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Jar-ing through the Android Library
Summary
This article looks at the contents of the android.jar file via the jar tool and others.
 
Table of Contents

The Graphical way

Figure 1. android.jar from an Android application

The JAR Way

The Help/Usage

Code Listing 1. The Usage output of jar

Table of contents

Code Listing 1. Listing of directories and files in android.jar

Verbose Table of Contents

Code Listing 2. Verbose Table of Contents

Getting directories and images from a jar file

Getting one image / one class from a jar file

Figure 2. The default Android application icon

 

The Graphical way

The file android.jar is the physical manifestation of all the functionality in Android SDK. The Android applications you develop will use the functionality available in this .jar (Java Archive) file.

The best and easiest way to look at the contents of the android.jar file will be to open it from the Package Explorer of Eclipse. If an Android application is created via the Android plugin, this android.jar will be automatically included in the application.

Figure 1. android.jar from an Android application

Figure 1. android.jar from an Android application

As you can see in Figure 1, the Android Library (as specified by android.jar) is in this Android application. This file is in the root of SDK directory (for example, ...\android-sdk_m5-rc15_windows).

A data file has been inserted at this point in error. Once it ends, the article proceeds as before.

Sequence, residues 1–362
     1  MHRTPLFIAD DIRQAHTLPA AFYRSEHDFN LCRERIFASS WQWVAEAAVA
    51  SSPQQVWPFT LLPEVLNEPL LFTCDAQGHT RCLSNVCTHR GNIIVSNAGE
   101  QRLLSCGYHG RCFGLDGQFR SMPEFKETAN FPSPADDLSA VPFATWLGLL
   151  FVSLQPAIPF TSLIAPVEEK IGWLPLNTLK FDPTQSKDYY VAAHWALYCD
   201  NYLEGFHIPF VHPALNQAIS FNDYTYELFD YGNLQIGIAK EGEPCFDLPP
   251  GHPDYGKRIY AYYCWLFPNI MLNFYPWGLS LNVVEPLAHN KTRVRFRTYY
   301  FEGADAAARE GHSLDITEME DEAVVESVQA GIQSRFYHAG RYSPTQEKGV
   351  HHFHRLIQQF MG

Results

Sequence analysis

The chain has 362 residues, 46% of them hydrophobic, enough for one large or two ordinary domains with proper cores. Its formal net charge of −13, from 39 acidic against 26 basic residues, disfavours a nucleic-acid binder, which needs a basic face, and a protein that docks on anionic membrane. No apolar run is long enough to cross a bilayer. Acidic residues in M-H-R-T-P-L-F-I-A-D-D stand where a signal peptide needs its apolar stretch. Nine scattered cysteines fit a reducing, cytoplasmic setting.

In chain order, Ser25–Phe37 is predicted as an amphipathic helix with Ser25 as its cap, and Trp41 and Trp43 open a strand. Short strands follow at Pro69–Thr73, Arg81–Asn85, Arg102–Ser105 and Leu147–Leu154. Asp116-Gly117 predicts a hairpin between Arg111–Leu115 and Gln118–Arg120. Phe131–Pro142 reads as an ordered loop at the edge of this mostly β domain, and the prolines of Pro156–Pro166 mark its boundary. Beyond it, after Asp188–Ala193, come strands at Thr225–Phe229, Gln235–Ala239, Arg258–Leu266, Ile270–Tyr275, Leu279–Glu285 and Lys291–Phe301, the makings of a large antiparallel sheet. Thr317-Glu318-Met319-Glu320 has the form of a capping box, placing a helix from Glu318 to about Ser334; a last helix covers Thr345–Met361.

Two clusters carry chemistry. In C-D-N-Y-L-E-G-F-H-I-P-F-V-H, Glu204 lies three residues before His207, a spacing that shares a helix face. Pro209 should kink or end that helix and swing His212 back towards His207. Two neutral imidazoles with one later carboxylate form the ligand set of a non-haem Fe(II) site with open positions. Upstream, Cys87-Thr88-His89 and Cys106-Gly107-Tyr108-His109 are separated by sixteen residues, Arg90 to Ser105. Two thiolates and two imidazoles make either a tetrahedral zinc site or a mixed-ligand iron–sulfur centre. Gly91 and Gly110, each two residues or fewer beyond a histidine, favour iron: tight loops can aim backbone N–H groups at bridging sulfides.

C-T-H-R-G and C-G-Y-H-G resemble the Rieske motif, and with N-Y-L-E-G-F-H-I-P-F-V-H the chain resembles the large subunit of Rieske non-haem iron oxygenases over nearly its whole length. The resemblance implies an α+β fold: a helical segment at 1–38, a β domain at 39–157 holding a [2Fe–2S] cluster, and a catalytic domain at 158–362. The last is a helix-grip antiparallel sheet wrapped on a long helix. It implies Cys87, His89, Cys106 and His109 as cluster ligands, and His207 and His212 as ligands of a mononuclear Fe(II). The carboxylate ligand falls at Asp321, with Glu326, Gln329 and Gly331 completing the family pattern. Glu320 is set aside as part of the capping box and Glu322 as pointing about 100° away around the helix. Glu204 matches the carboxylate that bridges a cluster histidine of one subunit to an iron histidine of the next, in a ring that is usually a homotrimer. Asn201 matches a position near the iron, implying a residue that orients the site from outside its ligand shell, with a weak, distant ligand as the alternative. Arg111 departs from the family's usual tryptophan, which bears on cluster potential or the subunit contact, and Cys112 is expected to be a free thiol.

By clicking through the various package nodes in Package Explorer, you can see the classes included in that package. You can also see the resources, like xml and png files (under the res package).

The JAR Way

The Java SDK (or JDK) includes a tool called jar (jar.exe on Windows). This tool gives a great command line way to look at the contents of a Java Archive file (.jar). This tool is in the bin directory of JDK (for example, in C:\Program Files\Java\jdk1.6.0_05\bin directory; so, make sure to include this directory in the PATH).

Following are some examples of using the JAR tool on android.jar and finding out what’s inside.

The Help/Usage

First let’s see the help/usage output that you get when you just type jar at the command prompt.

Code Listing 1. The Usage output of jar

D:\Test>jar
Usage: jar {ctxui}[vfm0Me] [jar-file] [manifest-file] [entry-point] [-C dir] files ...
Options:
    -c create new archive
    -t list table of contents for archive
    -x extract named (or all) files from archive
    -u update existing archive
    -v generate verbose output on standard output
    -f specify archive file name